Fig. 1: Noise parameters influence feed-forward models of fMRI-pattern correlations. | Nature Communications

Fig. 1: Noise parameters influence feed-forward models of fMRI-pattern correlations.

From: Forward models of repetition suppression depend critically on assumptions of noise and granularity

Fig. 1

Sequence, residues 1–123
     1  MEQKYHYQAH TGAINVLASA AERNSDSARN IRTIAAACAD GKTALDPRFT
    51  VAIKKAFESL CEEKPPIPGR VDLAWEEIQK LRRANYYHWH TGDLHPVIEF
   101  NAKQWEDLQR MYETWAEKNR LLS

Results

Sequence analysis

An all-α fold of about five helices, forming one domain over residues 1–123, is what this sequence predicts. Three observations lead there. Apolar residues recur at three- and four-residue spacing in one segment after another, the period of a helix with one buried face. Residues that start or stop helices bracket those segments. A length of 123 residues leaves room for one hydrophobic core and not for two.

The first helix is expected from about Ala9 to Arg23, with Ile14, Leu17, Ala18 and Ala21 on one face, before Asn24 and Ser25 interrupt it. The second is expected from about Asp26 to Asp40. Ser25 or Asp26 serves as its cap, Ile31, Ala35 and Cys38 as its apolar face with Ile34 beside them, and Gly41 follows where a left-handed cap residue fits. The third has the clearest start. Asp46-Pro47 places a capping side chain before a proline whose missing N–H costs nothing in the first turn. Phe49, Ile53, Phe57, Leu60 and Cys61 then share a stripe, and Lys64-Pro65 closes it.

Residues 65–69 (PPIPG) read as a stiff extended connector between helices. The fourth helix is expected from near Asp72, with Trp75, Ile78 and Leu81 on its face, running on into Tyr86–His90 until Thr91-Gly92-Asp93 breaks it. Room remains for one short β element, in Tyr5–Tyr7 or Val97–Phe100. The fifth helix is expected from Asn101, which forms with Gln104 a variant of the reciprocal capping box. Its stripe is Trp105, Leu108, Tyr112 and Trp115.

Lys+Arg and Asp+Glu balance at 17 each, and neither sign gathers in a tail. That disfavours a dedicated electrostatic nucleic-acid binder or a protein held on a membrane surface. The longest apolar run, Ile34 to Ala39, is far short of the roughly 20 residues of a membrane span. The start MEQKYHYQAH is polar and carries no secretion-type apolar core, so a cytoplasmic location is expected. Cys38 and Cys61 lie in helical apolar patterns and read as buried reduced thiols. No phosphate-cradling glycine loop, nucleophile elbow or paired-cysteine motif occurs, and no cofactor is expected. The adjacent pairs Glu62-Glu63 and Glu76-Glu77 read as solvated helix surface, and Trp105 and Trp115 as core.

Top row: pattern of results reported by Alink et al. for the winning parameter combination [a = 0.8, b = 0.4, σ = 0.4] for the grating dataset (cf. Supplementary Fig. 4 in Alink et al.). The direction (increase or decrease when comparing initial and repeated responses) of the six empirically observed data-features (cf. Figure 3 in Alink et al.) is only observed when uniformly distributed noise in the interval [0, 0.1] is added to the simulated brain patterns. Bottom row: the qualitative pattern of results observed for the winning parameter combination shown in the top row changed substantially when adding zero-mean Gaussian noise with a standard deviation of 0.1 instead of uniformly distributed noise. Of particular interest, the data-features BC, CP, and AMS are (shown within a red box) no longer qualitatively consistent with the empirical observations. Compare the corresponding slopes of lines in the top and bottom rows. Init initial presentation, rep repeated presentation, MAM mean amplitude modulation, WC within-class correlation, BC between-class correlation, CP “classification performance” (CP = WC − BC), AMS amplitude modulation by selectivity, AMA amplitude modulation by amplitude. Solid bars indicate mean of each condition and error bars 95% confidence intervals given the (simulated) between-participant variability. Diagonal lines indicate the slope of linear contrasts across conditions, and dashed lines indicate 95% confidence interval of the slope. See Alink et al. for methodological details and proposed interpretation of error bars and p values above each subpanel. In our view, given that arbitrary modeling choices determine the across-subject variability produced by the model, the reported error bars and accompanying p values have therefore little, if any, statistical meaning.

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